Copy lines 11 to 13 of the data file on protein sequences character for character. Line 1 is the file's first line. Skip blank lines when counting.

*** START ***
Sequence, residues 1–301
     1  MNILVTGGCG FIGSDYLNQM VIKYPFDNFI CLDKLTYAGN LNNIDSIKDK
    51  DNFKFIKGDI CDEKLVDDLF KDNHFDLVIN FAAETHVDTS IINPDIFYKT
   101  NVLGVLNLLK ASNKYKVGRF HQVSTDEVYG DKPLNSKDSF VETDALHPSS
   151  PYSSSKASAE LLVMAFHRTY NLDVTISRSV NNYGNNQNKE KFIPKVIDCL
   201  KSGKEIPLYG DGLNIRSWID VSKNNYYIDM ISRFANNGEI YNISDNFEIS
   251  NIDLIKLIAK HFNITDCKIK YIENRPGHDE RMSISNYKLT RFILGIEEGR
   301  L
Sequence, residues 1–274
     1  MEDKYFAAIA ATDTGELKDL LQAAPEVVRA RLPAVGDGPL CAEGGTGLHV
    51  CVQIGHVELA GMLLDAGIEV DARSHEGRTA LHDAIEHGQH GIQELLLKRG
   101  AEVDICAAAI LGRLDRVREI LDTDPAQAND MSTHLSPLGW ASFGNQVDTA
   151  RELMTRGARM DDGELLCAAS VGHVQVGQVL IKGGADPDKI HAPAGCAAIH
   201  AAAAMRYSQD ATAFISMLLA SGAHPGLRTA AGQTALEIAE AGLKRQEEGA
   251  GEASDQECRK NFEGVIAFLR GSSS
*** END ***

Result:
    51  CVQIGHVELA GMLLDAGIEV DARSHEGRTA LHDAIEHGQH GIQELLLKRG
   101  AEVDICAAAI LGRLDRVREI LDTDPAQAND MSTHLSPLGW ASFGNQVDTA
   151  RELMTRGARM DDGELLCAAS VGHVQVGQVL IKGGADPDKI HAPAGCAAIH